Of course, the greatest mistake still lies in the order to open fire. It’s not an issue of how many people died; the result of this order was the death of Communist ideology. The people lost their previous confidence in the Communist Party, and the younger generations became more selfish. Idealism was completely destroyed in China. Bottom line, both sides have responsibility, but as the party that held more social resources… the government has a greater responsibility.
7. What is the long term effect of putting down the riot?
Those who say opening fire brought China 20 years of stability is absolutely wrong. The “stability” that followed can instead be described as completely losing faith in the Communist Party; no one wanted to go on the street and lobby. Everyone were focused on the money in their pockets. The only political effect of Six Four was the reform faction completely losing power, and China’s political reforms were frozen from that point on. This is exactly opposite of what the students hoped for. There are no winners from Six Four; all of the dead, regardless of citizens, students, or soldiers, there was no reason for them to die in vain like this.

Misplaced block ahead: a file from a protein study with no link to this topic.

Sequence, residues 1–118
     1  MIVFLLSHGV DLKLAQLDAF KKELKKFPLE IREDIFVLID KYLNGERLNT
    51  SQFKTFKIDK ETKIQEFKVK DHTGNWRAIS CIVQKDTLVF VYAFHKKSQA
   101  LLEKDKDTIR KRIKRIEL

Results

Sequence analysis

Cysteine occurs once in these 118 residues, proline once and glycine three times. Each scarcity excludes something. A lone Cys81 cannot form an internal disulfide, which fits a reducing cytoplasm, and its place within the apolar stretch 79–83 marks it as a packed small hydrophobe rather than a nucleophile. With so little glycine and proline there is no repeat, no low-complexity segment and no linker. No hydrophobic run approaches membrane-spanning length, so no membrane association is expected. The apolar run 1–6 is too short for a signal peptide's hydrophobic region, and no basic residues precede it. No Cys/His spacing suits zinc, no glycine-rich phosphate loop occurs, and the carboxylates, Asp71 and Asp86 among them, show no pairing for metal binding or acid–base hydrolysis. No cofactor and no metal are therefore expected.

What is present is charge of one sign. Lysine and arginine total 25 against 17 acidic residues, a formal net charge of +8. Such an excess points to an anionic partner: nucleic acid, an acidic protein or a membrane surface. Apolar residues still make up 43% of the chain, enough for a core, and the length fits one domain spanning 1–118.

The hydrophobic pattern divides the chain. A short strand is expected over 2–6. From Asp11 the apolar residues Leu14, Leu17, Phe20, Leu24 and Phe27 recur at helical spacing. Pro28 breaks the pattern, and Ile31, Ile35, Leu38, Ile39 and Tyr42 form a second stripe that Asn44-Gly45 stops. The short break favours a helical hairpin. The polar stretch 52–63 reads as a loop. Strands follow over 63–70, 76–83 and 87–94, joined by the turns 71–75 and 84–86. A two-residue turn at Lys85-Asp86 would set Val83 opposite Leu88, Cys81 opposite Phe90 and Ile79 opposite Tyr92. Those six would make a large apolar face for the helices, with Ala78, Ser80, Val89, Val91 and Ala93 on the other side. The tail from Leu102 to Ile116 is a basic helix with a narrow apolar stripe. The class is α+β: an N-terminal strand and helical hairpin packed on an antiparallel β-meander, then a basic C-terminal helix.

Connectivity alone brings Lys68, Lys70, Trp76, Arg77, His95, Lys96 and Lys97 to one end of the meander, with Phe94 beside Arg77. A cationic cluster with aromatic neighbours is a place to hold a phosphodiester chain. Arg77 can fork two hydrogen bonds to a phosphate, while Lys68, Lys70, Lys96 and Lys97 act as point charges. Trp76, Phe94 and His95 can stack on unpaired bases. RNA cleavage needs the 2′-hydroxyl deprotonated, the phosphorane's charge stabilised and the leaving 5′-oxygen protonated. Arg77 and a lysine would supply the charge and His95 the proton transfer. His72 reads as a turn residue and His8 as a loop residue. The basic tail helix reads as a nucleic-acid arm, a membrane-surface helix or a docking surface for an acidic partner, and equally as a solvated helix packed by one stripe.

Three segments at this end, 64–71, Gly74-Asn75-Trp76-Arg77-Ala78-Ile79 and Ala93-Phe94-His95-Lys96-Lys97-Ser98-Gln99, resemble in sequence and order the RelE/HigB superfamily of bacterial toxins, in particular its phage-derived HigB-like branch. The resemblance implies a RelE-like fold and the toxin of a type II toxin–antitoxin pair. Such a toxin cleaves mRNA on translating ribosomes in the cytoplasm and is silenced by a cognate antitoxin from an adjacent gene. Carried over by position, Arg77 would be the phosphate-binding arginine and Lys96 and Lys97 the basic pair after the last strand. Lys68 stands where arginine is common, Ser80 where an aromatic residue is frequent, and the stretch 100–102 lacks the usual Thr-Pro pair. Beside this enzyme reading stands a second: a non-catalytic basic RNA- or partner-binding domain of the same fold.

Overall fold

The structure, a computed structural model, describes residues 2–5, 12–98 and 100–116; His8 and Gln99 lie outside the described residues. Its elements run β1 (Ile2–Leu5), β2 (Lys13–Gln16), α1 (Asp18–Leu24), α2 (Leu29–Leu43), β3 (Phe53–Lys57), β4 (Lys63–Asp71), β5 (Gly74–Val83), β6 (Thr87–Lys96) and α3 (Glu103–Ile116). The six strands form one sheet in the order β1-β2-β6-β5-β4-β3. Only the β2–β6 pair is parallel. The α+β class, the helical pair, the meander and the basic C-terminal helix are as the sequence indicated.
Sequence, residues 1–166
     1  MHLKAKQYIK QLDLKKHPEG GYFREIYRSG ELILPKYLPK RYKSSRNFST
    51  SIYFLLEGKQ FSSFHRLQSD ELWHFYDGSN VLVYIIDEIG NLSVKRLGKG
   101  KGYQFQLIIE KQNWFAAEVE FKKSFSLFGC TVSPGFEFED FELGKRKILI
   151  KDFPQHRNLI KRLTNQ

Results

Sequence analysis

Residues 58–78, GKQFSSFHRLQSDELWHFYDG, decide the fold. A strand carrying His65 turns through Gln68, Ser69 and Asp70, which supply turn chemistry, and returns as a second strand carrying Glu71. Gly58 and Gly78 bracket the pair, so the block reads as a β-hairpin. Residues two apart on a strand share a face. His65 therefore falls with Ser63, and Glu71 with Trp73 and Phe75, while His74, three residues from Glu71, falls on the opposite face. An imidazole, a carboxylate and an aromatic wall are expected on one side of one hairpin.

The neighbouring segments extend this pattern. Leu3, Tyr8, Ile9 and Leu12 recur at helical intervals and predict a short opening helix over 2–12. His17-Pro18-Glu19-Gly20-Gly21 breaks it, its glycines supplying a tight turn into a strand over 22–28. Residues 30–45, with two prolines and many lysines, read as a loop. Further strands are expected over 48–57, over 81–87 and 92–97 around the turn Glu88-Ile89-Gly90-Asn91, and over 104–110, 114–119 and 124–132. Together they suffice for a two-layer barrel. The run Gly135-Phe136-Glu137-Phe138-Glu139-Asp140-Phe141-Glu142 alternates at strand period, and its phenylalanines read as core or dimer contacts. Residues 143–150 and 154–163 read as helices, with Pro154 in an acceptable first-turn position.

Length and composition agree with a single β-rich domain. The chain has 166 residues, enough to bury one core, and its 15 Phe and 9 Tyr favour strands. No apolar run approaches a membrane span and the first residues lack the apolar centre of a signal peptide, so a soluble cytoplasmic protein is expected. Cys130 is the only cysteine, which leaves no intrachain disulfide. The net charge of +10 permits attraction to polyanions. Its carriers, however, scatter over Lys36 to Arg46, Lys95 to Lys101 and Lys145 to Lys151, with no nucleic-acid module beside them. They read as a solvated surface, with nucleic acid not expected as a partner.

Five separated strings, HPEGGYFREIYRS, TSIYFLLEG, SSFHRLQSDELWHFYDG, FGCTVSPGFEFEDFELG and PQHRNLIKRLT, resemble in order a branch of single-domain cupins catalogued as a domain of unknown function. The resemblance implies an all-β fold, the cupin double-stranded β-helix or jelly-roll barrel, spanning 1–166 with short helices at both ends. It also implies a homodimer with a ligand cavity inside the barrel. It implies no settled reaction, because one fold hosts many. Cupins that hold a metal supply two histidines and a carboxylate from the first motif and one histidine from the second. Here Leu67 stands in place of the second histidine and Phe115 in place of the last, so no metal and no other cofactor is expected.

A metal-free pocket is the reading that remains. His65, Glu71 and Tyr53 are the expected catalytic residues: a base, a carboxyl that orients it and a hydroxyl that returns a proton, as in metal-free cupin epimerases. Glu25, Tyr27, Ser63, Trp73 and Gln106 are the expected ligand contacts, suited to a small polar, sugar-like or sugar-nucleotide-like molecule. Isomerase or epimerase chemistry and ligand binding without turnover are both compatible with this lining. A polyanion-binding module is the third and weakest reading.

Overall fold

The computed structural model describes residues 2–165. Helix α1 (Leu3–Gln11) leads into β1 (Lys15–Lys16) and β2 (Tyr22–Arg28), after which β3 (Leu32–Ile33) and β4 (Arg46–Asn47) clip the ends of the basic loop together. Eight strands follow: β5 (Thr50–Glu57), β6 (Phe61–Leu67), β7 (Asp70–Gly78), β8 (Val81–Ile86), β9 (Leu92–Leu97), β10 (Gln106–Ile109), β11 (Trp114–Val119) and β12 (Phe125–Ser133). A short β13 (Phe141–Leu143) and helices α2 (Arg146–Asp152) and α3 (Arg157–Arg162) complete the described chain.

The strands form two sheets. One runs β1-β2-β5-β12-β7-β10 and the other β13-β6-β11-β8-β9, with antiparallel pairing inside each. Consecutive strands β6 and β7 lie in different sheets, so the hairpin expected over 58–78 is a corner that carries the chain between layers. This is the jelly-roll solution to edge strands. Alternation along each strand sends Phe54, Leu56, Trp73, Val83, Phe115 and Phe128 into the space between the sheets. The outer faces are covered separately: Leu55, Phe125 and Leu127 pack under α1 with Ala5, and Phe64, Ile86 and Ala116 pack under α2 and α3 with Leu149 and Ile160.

8. How did the conflict become gradually more intense?
… skipped for time …
9. By Six Four, had the situation in Beijing really become unmanageable?
It seems this is the perspective of those who support the violent suppression. I don’t agree with this. If the protesters really wanted to rise up, then probably Zhongnanhai and Tiananmen would’ve been in flames long ago. The truth is, at the end of May even as students fought each other for power on the square, morale was sinking lower and lower. Even the arrival of the “Four Princes” (four famous intellectuals/singers who started fasting in early June) couldn’t have allowed the conflict to drag on much longer. Not many in the student movement really moved in the direction of using force to overthrow the government. Of course, you can’t allow the students to control the square indefinitely… but the scene was not totally out of control, and it wasn’t yet the time to use the military to resolve the situation.
After all, killing should always be the last option. Every life deserves respect. Only when violence can prevent the flood of more blood, when the lives of some innocent people can save the lives of other innocent people should it be considered. But on the eve of Six Four, the situation in Beijing hadn’t reached this point. In my opinion, the decision to open fire wasn’t based on what was happening on the square, but rather the disputes at the highest levels of government.